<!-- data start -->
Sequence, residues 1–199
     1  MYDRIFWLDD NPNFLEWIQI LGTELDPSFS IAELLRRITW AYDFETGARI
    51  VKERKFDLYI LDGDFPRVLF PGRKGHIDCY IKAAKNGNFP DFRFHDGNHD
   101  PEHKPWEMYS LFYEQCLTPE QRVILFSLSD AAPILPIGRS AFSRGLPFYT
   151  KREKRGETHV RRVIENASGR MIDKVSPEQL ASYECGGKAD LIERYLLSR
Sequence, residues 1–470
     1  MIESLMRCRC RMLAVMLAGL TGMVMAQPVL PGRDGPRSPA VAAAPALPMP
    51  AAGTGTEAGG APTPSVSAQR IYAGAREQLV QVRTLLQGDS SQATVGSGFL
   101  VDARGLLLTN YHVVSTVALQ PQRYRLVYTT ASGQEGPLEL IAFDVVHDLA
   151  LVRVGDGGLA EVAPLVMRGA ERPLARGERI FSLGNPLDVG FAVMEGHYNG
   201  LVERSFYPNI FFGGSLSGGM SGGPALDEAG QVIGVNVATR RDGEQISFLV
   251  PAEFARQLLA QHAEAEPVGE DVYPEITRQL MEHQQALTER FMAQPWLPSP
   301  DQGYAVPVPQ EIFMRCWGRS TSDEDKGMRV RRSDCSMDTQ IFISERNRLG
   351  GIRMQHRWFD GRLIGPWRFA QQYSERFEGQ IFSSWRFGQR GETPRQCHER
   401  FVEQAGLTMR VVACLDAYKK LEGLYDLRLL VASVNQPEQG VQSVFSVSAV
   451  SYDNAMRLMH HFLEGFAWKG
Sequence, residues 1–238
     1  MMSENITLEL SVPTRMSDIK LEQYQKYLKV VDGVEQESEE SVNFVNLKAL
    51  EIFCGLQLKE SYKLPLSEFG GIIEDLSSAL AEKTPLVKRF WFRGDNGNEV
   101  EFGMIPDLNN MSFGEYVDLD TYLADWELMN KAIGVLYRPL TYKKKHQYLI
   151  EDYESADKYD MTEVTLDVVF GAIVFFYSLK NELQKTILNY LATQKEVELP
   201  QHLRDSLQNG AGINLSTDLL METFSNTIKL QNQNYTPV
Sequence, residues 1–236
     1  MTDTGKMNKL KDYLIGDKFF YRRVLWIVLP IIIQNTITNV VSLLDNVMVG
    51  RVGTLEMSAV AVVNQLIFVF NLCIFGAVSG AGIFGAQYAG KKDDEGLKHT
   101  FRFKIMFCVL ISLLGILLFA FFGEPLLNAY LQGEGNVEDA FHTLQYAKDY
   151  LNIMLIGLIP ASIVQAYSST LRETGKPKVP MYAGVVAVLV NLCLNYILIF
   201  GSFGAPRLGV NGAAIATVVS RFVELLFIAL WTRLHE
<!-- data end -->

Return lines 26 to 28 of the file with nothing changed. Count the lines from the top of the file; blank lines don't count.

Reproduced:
   101  FRFKIMFCVL ISLLGILLFA FFGEPLLNAY LQGEGNVEDA FHTLQYAKDY
   151  LNIMLIGLIP ASIVQAYSST LRETGKPKVP MYAGVVAVLV NLCLNYILIF
   201  GSFGAPRLGV NGAAIATVVS RFVELLFIAL WTRLHE